Motion Picture Magazine May 1925
Geo. M. Cohan Theater.
Opened December 1, 1924. A picturization of George Eliot’s story of the fifteenth century in Italy, featuring Lillian and Dorothy Gish.
The drama is an extravagant passage from history, and, once the second part is introduced, it becomes completely absorbing. There is vitality in Tito’s political intrigues and in his dual love-making to Romola and Tessa, the ladies whose stations in life are so widely separated. This Tito is a sort of prototype of The Show-Off.
He builds his house on lies and carries on his -falsehoods until his lust for power brings his downfall and death. The picture, however, is not such a triumph for Lillian Gish’s art as was The White Sister. The dramatic foundation is built more upon political intrigue than romance. But Miss Gish lends a beautiful portrait as Romola — and her sister.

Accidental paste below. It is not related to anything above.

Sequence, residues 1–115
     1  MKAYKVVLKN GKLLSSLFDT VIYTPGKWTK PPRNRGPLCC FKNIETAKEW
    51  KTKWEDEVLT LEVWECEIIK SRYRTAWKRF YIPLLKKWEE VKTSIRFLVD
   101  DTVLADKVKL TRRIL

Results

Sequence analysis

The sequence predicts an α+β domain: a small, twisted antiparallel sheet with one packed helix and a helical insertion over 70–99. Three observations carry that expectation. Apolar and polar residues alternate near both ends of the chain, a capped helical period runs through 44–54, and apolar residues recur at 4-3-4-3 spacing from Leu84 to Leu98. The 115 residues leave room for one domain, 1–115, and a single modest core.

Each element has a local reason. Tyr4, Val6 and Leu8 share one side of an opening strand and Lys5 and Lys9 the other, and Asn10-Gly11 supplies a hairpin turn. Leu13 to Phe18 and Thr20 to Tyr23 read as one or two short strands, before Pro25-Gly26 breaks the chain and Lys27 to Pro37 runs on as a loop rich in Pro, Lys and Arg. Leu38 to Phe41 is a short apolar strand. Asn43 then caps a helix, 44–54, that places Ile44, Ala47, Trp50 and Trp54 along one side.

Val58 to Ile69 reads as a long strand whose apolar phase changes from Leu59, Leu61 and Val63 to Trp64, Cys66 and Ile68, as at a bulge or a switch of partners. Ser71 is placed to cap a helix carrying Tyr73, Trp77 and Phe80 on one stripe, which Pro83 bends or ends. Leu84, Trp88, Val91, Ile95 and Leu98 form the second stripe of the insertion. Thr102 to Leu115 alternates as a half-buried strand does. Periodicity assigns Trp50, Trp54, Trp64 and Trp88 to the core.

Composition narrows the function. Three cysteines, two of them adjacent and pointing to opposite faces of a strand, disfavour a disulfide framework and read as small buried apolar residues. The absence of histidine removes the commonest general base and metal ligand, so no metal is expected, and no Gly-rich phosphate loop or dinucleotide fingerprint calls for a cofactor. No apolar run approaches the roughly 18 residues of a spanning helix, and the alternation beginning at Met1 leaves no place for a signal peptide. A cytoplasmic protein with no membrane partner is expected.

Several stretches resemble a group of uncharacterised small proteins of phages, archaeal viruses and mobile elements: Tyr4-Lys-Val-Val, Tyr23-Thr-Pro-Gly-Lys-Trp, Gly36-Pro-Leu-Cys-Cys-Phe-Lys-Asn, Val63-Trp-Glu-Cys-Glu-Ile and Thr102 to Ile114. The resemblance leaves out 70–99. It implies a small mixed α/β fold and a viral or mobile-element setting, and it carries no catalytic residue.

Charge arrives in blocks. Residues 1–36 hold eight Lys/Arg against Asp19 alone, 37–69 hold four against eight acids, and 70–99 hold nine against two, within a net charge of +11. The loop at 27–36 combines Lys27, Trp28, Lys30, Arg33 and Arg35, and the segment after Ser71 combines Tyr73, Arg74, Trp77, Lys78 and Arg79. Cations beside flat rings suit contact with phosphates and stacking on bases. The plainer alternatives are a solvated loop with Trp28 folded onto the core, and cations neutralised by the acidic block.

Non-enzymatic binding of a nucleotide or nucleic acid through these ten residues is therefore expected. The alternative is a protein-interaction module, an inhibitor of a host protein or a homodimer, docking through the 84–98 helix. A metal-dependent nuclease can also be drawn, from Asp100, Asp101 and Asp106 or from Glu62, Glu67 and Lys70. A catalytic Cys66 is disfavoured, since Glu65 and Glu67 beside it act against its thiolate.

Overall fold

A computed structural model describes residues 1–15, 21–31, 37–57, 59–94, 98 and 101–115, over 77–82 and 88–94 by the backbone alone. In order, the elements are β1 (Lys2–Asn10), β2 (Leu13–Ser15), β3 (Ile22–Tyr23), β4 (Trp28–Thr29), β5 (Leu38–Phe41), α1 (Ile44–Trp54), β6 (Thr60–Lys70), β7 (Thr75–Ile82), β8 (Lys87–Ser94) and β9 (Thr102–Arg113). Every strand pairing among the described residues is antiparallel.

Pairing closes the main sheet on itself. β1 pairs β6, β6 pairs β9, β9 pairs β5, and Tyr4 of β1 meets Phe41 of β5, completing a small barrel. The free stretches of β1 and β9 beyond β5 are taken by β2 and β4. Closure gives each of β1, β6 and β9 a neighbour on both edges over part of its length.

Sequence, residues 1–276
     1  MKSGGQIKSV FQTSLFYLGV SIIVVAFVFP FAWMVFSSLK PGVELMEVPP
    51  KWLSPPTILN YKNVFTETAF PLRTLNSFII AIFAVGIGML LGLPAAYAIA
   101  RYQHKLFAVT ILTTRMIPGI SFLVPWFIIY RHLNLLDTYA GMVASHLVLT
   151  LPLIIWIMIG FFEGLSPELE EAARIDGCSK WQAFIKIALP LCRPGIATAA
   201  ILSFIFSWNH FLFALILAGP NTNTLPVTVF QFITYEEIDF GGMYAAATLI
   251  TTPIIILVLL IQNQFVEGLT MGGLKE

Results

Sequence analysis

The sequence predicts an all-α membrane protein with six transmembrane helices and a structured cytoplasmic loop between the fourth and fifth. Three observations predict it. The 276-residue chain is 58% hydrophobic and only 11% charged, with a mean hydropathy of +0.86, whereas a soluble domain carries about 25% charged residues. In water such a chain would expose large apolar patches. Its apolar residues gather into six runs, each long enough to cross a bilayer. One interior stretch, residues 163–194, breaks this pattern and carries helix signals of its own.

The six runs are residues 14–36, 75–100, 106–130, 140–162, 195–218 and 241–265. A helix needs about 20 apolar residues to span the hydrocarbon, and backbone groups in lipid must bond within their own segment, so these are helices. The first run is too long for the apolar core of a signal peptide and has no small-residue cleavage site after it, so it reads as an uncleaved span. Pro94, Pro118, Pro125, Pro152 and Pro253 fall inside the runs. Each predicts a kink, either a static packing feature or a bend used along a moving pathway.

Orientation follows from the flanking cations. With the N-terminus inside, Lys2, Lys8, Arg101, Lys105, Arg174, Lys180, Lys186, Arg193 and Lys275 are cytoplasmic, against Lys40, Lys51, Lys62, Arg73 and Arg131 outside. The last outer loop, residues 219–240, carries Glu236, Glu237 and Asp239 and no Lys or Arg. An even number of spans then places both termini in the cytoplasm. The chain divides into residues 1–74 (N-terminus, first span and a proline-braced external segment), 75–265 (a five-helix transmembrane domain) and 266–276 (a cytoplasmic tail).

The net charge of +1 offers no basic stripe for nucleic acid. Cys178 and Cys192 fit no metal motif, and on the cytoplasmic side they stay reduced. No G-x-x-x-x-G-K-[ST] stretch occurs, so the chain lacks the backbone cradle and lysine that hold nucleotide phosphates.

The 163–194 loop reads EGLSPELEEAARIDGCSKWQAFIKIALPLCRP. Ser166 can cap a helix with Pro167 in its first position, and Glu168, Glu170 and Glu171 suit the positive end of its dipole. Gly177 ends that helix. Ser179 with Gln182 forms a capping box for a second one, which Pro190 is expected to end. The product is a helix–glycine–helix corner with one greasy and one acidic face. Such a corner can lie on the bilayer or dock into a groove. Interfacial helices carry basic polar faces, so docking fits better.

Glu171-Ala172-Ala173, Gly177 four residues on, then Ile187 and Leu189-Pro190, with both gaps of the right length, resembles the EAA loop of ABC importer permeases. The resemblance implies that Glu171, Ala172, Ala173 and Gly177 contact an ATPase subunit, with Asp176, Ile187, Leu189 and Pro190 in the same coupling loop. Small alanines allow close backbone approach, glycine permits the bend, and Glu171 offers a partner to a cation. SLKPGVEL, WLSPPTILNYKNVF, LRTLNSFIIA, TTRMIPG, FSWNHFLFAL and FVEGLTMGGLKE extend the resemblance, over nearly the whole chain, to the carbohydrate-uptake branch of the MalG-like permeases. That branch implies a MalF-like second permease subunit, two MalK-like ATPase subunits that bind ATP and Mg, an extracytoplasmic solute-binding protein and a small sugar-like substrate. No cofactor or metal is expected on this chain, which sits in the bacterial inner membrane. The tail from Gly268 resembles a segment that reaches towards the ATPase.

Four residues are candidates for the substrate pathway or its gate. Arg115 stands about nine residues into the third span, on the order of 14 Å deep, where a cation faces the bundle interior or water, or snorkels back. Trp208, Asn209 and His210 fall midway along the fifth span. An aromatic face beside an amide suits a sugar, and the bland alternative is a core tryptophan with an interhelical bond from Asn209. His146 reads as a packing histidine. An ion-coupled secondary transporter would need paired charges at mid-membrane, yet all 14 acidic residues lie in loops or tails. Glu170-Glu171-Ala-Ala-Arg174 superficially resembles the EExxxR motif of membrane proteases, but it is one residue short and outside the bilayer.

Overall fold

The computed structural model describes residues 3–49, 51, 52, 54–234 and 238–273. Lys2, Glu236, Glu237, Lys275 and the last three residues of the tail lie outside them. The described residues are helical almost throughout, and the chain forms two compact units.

Dorothy, gives an animated study, one suggestive of her hoydenish roles in previous pictures. It does not carry the surging heart-beats of The White Sister. since it does not employ so much sympathy and pathos. And there are no great moving scenes, aside from the climax showing Savonarola’s execution. But one can call it a triumph of cinema art. Scenically, it is like peering at a group of rich tapestries by some artist of the Middle Ages. It is a rich, historical pageant. And what a treat for the eye!